Hong Kong housing prices skyrocket through the roof

Written by Andrea Chow

Andrea Chow Housing Shortage Article Photo.png

With the housing crisis sprawling across Hong Kong, more than 3.3 million people are living in cramped public housing with only 100 to 300 square feet of space. For those who cannot afford a public unit, their only remaining option is to rent illegal subdivided housing.

Is the government unable to afford more public housing? The answer is no. The Hong Kong government had a revenue of over $6 billion from 2017-18; but where does the government get their money from? Interestingly, it is not from collecting taxes but by the selling of land. The government sells land to businesses for billions of dollars, which allows businesses to then make money from it and keep the land for about 50 years. According to the Economist Intelligence Unit's 2019 Worldwide Cost of Living Survey, Hong Kong was ranked number one for the most expensive housing in the world. 

You may ask, “Is there not enough land for building more affordable housing?” Again, the answer is no. All land in Hong Kong, save St. John’s Cathedral and the US Consulate General, is owned by the government, yet only 7% of the land is used for housing. Thus, 7.3 million people have to squeeze into that tiny amount of land. Though there is enough land to build new housing, the government would still rather sell the land to businesses to make more money out of those sales than build affordable housing. All these lead to lack of affordable housing, which brings along health hazards, hygiene hazards and security issues for Hong Kong’s poor.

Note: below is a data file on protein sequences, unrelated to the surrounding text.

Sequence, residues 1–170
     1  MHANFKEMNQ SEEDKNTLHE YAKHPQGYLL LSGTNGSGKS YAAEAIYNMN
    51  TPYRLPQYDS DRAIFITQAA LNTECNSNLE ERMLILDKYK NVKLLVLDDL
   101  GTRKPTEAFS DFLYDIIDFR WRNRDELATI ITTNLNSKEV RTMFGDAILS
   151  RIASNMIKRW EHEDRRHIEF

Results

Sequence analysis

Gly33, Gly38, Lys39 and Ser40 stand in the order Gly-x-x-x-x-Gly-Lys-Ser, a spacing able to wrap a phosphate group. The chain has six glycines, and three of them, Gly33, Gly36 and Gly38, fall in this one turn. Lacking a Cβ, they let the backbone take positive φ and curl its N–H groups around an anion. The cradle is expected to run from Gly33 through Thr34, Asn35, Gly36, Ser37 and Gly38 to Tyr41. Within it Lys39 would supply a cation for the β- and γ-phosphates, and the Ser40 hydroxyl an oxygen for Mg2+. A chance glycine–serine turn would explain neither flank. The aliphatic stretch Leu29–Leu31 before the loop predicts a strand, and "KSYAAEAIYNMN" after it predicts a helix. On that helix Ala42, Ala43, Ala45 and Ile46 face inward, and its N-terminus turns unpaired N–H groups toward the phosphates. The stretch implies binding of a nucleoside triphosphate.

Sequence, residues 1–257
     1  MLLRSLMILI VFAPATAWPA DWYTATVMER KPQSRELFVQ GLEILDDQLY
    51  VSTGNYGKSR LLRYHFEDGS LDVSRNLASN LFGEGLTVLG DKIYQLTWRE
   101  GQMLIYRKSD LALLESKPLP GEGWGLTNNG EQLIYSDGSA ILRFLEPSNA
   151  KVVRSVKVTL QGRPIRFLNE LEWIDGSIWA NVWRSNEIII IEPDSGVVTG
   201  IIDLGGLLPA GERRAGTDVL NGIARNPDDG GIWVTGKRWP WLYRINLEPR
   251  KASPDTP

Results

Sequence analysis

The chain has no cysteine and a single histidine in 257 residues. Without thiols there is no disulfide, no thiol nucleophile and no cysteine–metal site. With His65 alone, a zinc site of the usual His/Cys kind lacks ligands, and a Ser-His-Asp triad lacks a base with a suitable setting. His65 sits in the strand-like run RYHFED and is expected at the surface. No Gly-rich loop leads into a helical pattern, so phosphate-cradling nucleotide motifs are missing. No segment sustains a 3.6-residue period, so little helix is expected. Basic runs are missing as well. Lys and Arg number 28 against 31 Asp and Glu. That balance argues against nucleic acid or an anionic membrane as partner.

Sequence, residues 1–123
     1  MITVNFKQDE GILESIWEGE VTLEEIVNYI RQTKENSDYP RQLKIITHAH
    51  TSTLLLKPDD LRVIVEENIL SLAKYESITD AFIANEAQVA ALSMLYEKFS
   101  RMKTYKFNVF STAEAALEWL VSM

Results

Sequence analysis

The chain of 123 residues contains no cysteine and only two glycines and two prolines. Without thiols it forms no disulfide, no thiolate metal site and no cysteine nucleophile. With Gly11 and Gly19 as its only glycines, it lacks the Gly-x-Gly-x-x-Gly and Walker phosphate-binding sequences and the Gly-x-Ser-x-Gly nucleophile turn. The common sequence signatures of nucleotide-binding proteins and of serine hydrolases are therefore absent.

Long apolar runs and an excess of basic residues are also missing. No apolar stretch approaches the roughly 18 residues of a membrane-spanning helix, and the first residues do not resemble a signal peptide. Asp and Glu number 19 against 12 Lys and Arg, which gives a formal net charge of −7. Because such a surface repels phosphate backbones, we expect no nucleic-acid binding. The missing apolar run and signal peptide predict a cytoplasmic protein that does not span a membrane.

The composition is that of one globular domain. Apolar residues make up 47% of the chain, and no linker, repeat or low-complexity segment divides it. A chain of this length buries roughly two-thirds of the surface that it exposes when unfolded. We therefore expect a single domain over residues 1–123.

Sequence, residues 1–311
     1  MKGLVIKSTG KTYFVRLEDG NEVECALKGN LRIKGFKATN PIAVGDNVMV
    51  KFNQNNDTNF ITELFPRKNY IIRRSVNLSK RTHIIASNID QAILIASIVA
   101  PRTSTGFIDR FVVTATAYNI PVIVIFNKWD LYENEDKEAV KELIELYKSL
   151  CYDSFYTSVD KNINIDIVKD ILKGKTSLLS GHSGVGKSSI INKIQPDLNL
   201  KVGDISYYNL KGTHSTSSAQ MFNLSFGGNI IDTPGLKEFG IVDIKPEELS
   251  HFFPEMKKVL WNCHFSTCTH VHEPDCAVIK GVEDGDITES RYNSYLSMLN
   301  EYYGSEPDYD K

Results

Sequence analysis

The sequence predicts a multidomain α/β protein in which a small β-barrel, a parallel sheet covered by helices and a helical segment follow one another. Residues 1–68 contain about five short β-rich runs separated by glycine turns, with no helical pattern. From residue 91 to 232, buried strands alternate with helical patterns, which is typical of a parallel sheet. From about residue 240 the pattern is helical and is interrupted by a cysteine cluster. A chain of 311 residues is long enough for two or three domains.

Another reason for the lack of affordable housing is the growing population. There were only 6.6 million people in Hong Kong during 2000, but now the number has reached to 7.3 million. When the government is not building enough affordable public housing to answer the demand, the price of private housing will increase because businessmen will want to make money, and therefore, the poor people will never be able to afford a flat. This is not a good situation to be in because more people will have to live in cheaper housing, such as subdivided flats. A 1000 square feet flat could be subdivided into as many as 20 units, and many of them will only have one bathroom and one kitchen to share among all the families. Bedbugs, pests and unclean appliances can also cause health and hygiene hazards. 

Why isn’t this problem fixed already? Because the government cannot give free housing to people as that will just make the government go bankrupt. 

Overall, to minimize this situation, we can collect signatures and petition the government to build more public housing to meet the needs of the growing population. We can also ask the government to create policies to regulate subdivided flats for residents. Another thing we can do is to promote and support NGOs that work towards fixing this issue, like Crossroads, Impact HK, and Light Be. The people of Hong Kong must work together to make housing more affordable for everyone.